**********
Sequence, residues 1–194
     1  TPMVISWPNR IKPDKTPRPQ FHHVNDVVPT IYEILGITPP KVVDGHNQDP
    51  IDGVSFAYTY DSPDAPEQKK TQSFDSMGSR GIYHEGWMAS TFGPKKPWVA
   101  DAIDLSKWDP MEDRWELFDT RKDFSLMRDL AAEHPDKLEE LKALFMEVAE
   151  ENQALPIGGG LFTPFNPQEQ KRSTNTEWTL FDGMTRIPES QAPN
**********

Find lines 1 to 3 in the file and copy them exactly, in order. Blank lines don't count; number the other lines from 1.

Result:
Sequence, residues 1–194
     1  TPMVISWPNR IKPDKTPRPQ FHHVNDVVPT IYEILGITPP KVVDGHNQDP
    51  IDGVSFAYTY DSPDAPEQKK TQSFDSMGSR GIYHEGWMAS TFGPKKPWVA